- Floral design and gift shop
- Ypsilanti, Mich.
- 21 employees
Norton's Flowers & Gifts finds saving sweet
As a 47-year veteran of the floral industry, Tim Galea has done it all. He started working as a "jumper" – a kid who would run flowers from the delivery van up to the houses, when he was fourteen. Later he worked as a driver, designer, and eventually became owner and CEO of Norton's Flowers and Gifts, a 123-year old business with locations in Ann Arbor and Ypsilanti, Michigan.
Tim knows what it's like to work hard all day, and he's recognized that saving money at work isn't always easy. In order to help his small business employees start thinking about retirement, he introduced his employees to myRA® from the U.S. Department of the Treasury, a simple, safe and affordable way to start saving for retirement.
"I was very excited about myRA," Tim said. "This is an opportunity for us for which I am very grateful – there are no downsides for us or our employees. There really are a lot of upsides with this program." In particular, myRA has no fees, no required minimum contributions and no risk of losing money. For their part, employers pay nothing and do not administer or contribute to employee accounts.
Arranging for savings
Cat Jensen, a 26-year-old sales associate at Norton's, has been working in the Ypsilanti store for almost two years and signed up for myRA as soon as she heard about it. Cat was intrigued by myRA's flexibility, which encouraged her to sign up.
"I have a lot of bills: car payments, student loans, utilities, rent, all that," Cat said. "It was hard to think about saving for the long-term before, but it's never too early to save for retirement. With myRA, the money is out-of-sight, out-of-mind, and I can just let it grow."
Employees like Cat can choose how much to contribute to accounts that will earn interest and grow risk-free, up to $15,000 or for 30 years, whichever comes first. They can then transfer or roll over their savings to a private-sector Roth IRA, where their savings can continue to grow. myRA is actually a Roth IRA, and shares the same annual contribution limits, withdrawal rules and tax advantages of that retirement plan.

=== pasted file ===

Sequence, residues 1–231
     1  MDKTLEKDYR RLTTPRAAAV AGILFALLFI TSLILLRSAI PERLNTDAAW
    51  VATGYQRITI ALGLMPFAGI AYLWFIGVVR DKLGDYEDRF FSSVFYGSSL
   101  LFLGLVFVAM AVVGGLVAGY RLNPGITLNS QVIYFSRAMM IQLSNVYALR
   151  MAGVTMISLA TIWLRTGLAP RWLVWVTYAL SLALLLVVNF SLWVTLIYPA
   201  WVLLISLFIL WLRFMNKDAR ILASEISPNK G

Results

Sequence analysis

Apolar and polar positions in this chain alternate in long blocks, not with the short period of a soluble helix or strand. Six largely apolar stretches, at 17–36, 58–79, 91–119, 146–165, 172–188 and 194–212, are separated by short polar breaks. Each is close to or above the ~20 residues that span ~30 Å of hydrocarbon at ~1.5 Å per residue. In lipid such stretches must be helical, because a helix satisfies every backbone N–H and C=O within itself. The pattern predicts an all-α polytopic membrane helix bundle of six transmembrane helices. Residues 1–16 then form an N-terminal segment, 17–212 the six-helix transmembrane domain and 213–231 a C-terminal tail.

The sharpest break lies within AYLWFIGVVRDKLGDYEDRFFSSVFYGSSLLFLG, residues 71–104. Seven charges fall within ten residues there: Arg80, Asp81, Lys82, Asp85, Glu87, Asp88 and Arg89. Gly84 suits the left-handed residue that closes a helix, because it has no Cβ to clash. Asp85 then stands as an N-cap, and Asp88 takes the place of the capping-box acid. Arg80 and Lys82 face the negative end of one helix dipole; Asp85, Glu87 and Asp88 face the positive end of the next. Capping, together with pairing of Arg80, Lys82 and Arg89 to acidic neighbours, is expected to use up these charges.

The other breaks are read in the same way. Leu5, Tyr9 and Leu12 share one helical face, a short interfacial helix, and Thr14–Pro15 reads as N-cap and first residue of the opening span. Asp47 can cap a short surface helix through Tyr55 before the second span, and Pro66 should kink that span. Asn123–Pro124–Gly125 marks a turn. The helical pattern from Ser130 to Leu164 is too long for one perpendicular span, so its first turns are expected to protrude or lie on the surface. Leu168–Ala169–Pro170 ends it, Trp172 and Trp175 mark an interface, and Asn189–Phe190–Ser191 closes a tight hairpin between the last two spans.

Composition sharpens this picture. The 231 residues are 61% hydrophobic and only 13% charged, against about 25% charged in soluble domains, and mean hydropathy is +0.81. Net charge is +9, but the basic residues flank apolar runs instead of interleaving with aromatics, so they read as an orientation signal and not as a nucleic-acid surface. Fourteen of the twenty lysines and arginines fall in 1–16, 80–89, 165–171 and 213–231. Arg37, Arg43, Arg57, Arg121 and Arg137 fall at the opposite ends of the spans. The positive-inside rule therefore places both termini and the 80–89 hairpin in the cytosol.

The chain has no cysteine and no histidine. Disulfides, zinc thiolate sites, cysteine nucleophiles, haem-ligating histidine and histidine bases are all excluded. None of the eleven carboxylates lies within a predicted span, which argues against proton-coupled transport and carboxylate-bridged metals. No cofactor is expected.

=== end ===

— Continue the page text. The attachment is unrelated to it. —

"Like a lot of small businesses, we can't pay our entry-level positions a lot of money," Tim said. "The great thing about myRA is that I was able to tell employees that they could put away something as small as $2 or $5 per paycheck, and that it's always accessible. They'll realize how much it can grow and want to save more."
Delivering the message about myRA
In addition to posting materials from myRA.gov around the Norton's stores, Galea printed off informational packets and handed them to each one of his employees individually. He then held a meeting a few days later to walk through the materials and answer any questions his employees had.
Tom Stimpson, an 8-year Norton's employee, was the first to sign up for myRA after Galea's introduction. To him, automatically saving $50 per paycheck is a great way to save beyond his traditional savings account, and the enrollment process was fast and easy.
"I bought my first car by saving a chunk of money every week on my paper route," Tom said. "With myRA, I can do the same thing for retirement savings, and it's nice to know that my money is growing each time I get paid."
What others are saying about myRA
myRA is a wonderful opportunity for a community of employees…-Wendell K.
I like the idea that someday I’d retire…-Audrey G.